Father Gus said that Mother Virginia had been very gracious about the decision of the rest of her community to leave the Episcopal Church. “It’s just not my time yet,” she said, surely with a bit of a smile, given that she was well into her nineties then. She understood the attraction, to be sure. But she found a complete form of the Gospel life where she had been planted, in the Church of her baptism, even as she saw it change in all sorts of ways that met her disapproval.
Her fellow sisters, to their credit, continued to grant her an honored place in their common life. Father Gus came a few times each week to administer the Sacrament to Mother Virginia. He brought a few extra consecrated hosts for other friends of the community who, like her, were still welcomed warmly even as we remained resolute in staying put. It has been an uncommon ecumenical experiment, the profound pain of church division weathered with remarkable grace and common love.
The day before Mother Virginia’s funeral, one dear friend of mine publicly announced he would be resigning his orders in the Episcopal Church to enter the Ordinariate. The day before that, I spent the better part of an hour counselling another friend contemplating the same choice. Such “partings of friends” have been the perennial experience of Anglo-Catholics like me since the mid-nineteenth century.
One army of the living God,
to his command we bow:
part of the host have crossed the flood,
and part are crossing now.
I don’t expect I’m the only one who has sung Wesley’s great hymn on the communion of saints with a subtle tear, thinking not so much of the eternal Jordan as the Tiber.
Such losses cut deep to the heart, and the kind of breaches they create are rarely mended with ease, at least not in this life. I have seen them often become the cause of great bitterness. The experience of the All Saints Sisters is precious because it is rare.
Inevitably, my friends’ transitions make me question my own commitment to Anglican faith and practice, the determination I strongly feel to keep the promises and vows I have made. Does it remain fruitful to bear patiently with a church that sometimes seems driven to jettison its richest treasures? Am I really serving the cause of unity by remaining where I am?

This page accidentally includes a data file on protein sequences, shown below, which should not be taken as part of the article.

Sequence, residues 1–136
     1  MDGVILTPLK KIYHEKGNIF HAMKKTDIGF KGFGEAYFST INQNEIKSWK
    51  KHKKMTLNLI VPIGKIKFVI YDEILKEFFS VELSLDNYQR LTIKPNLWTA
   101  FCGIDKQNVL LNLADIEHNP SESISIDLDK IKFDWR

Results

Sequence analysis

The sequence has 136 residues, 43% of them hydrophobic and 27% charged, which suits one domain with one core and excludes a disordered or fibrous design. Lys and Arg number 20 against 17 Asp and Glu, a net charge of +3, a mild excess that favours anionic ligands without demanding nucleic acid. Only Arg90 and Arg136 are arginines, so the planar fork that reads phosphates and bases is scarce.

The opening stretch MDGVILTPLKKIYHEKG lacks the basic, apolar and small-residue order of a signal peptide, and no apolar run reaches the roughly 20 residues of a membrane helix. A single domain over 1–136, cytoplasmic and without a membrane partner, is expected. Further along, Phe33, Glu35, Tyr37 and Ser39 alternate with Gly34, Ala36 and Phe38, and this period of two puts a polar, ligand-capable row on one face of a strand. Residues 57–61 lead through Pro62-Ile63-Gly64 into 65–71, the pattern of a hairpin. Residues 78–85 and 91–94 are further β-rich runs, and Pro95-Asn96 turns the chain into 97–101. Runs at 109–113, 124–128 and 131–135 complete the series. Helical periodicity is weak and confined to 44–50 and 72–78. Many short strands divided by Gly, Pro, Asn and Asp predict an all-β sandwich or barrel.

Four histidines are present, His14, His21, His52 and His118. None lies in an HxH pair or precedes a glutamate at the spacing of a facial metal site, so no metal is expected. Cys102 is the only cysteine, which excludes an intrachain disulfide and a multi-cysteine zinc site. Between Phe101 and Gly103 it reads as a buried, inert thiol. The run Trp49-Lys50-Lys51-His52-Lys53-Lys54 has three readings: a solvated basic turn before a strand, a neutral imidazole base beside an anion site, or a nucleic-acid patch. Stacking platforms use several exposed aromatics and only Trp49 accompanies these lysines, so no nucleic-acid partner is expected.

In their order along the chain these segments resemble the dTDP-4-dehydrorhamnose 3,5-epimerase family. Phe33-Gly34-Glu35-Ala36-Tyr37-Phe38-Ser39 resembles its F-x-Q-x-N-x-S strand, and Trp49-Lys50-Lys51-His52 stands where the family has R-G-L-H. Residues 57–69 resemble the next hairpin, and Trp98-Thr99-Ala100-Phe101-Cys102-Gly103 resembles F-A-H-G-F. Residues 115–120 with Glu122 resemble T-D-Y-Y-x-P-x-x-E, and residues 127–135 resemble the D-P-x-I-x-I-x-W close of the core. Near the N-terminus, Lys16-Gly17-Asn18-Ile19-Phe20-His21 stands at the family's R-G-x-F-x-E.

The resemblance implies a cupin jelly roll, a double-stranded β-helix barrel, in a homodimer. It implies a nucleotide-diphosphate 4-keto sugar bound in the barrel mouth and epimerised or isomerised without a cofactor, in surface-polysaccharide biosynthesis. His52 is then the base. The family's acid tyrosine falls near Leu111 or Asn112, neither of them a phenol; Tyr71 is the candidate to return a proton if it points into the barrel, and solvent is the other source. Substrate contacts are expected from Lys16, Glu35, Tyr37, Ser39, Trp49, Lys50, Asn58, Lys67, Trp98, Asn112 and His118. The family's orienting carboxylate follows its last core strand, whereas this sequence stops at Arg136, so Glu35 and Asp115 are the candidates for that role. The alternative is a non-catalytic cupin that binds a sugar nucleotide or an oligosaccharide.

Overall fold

I think so, at least for now. It may be, in Mother Virginia’s words, that “it’s just not my time yet.” For now, though, I live in hope; my “inner nature renewed day by day” by the gifts handed down within the life of this church where God has placed me. There is no tidy resolution to the difficulties, though perhaps we have little ground to expect such things this side of the day of glory.
At the Requiem that day, I joined my prayers with those of so many other faithful Christians. We offered our common thanks for a life given over to reveal the Gospel. We affirmed our common reliance on Our Lord’s death and resurrection. We lifted our eyes together toward the East, affirming a common hope in He who will come, revealing all truth and binding up all wounds. In this life, we will likely never eat of one bread. But someday it will not be so.
Then will be fulfilled the prayer that a friend, who even then had begun serving God on the other side of the Tiber, wrote for me as an ordination gift:
May it please the one who died for the all, the searching Shepherd of the scattered sheep, that all things holy, faithful, true, and wise in the Anglican life in the gospel will have been saved through dark vandal days to be unearthed as shining gifts belonging to the many, in the sure, unfolded time to come, when the unity will shine again on the earth, Eve adorned for Adam raised, one flesh; when the Love-ordained form of Love on earth will answer with an all-symphonic song to the plea of the Sons to his Father, unceasing in the Spirit, that they may all be one.